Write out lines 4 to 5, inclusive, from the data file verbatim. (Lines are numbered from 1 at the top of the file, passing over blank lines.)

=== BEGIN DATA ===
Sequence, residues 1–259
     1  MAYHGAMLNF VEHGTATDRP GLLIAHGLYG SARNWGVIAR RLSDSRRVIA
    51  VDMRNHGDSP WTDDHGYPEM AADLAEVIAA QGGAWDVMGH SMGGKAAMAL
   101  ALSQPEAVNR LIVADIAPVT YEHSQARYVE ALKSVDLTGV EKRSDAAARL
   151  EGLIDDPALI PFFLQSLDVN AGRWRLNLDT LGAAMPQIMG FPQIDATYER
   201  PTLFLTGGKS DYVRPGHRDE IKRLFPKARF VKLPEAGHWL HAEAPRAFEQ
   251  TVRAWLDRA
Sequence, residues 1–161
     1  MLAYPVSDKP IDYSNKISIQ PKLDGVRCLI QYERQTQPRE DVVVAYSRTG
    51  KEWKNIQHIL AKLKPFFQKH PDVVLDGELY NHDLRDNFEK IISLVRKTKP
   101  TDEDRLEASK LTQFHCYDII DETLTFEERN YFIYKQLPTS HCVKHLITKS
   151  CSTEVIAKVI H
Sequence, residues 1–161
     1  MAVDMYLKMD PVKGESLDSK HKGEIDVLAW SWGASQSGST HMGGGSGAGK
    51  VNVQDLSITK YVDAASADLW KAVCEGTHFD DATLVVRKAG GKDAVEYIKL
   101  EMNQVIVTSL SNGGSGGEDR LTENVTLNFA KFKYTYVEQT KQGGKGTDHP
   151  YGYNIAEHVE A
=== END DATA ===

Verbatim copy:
   101  ALSQPEAVNR LIVADIAPVT YEHSQARYVE ALKSVDLTGV EKRSDAAARL
   151  EGLIDDPALI PFFLQSLDVN AGRWRLNLDT LGAAMPQIMG FPQIDATYER